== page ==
A few weeks later, Tam sent me the recipe of Vietnamese Dried Fish Mango Salad and I tried to make it. Here is my version of Vietnamese Dried Fish Mango Salad:
Prepare the fish:
150 grams dried fish. Soak fish in water about 30-60 min to soften and reduce saltiness. Remove from water and let it dry.
According to Tam’s recipe, there are two ways to process the fish:
- Grill the fish on charcoal grill or oven, until you can smell it or see it cooked through (by tearing it). Do not grill it too long because it will turn too hard. Remove bones, tear the fish meat into smaller pieces
- Deep fry the fish in oil. Let it cool and drain the oil, then tear the fish into small pieces.
I chose to deep fry it.
- Mix the torn fish with 2 -3 teaspoons sugar, 1/3 teaspoon pepper, then leave it there for 20-30 minutes
Prepare the mango:
- Select fresh unripened green mango, hard and sour
- 500 grams of mango
- 150 grams dried fish
- 1 onion
- Basil leaves
- 50 gram peanut
- 1/4 cup of fish sauce
- 2 tablespoons sugar or as liked
- garlic and chilies, crushed
How to make:
- Peel the mango
- then slice the meat of the mango thinly lengthwise or using a special slicer
and the sliced mango will look like this:
- Chop basil or fragrant knotwed (note: I chose basil).
- Thinly slice the onion then fry in oil until fragrant, drained
- Roast the peanut, remove the skin and crushed
- Put sugar into a bowl, then pour the fish sauce slowly into the sugar until the fish sauce cover the sugar.
- No need to stir the sugar and fish sauce
- Pour the fish sauce into the mango, mix well, leave it for about 20 minutes until the sugar is dissolved.
- Add the dried fish, the onion, roasted peanut and basil onto the mango. Also crushed garlic and red chilli if liked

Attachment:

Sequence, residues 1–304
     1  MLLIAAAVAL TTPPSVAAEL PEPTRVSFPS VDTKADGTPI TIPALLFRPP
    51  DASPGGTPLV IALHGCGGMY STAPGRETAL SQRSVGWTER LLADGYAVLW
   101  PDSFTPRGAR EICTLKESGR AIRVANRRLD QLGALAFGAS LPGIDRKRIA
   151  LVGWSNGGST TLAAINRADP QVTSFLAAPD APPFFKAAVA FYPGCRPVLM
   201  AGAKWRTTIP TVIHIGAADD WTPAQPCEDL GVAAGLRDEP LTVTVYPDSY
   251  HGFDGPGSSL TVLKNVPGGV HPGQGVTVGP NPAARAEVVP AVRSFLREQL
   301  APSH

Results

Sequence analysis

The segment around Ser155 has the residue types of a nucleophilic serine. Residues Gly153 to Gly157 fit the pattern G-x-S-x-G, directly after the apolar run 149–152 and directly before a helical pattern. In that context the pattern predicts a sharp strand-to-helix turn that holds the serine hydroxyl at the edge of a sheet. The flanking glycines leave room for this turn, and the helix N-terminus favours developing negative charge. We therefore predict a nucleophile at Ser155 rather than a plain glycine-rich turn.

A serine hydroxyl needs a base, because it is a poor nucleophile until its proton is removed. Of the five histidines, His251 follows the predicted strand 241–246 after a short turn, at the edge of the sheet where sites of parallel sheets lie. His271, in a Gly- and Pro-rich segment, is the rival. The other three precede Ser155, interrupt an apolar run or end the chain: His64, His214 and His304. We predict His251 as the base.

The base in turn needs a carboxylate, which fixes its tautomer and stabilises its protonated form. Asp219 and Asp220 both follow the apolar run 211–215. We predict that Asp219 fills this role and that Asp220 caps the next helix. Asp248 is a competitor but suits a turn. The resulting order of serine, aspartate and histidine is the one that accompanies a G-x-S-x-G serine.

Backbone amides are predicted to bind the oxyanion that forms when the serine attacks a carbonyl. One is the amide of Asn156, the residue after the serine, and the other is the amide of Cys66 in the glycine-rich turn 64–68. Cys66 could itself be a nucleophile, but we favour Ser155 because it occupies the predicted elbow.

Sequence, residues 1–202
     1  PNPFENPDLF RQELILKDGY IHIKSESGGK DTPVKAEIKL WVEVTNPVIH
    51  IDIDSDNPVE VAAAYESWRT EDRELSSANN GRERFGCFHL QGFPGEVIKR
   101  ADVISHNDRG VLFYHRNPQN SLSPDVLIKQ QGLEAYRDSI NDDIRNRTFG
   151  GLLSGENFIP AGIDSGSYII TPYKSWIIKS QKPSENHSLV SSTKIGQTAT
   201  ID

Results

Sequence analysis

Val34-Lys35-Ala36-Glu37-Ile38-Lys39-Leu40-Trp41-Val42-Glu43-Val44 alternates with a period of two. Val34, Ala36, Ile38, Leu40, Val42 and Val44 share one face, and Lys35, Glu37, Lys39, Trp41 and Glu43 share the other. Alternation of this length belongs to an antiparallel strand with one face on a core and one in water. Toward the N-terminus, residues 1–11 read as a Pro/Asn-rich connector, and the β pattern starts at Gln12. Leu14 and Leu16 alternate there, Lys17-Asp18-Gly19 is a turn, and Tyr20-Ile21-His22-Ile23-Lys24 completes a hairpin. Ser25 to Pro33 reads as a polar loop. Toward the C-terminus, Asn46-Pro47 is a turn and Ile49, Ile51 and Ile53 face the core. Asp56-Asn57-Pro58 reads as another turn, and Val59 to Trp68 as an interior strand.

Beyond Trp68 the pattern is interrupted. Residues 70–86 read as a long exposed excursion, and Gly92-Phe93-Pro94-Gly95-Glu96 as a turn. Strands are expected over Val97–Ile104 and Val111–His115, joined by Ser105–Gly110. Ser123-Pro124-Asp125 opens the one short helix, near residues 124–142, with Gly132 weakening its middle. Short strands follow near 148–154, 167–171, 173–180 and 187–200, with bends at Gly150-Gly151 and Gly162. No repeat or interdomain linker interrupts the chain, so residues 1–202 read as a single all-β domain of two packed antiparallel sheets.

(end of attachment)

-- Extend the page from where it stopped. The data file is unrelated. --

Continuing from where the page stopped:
The Indonesian Style of Salad
In my country we also have our own style of salads both vegetable and fruit salads. Here is one example of the most famous Indonesian salad:
Gado-gado is an Indonesian dish comprising a vegetable salad served with peanut sauce dressing. It is widely served in hawkers carts, stalls (warung) as well as in restaurants both in and outside Indonesia.
I love Gado-Gado very much, but unfortunately it is not the kind of salad for my “Salad Days’ since the calorie content is quite high.
- blanched – shredded, chopped, or sliced green vegetables (such as cabbage, water spinach), bean sprouts, young boiled jack fruit, string bean, bitter melon, and corn (outside of Indonesia, people improvise with whatever vegetables that are available).
- uncooked – sliced cucumber.
- fried tofu and tempeh.
- sliced boiled potatoes.
- peeled and sliced boiled eggs.
Peanut Sauce Dressing
What distinguishes gado-gado from a plain vegetable salad is the peanut sauce dressing, which is poured on top of the vegetable salad before serving.
The composition of this peanut sauce varies as well. One may use a commercial ready-made peanut sauce or make the sauce oneself. For making the sauce, the common primary ingredients are as follows:
- ground fried peanuts
- palm sugar (can be substituted by brown sugar)
- chilies (according to taste)
- terasi (dried shrimp paste)
- tamarind water
- water to dilute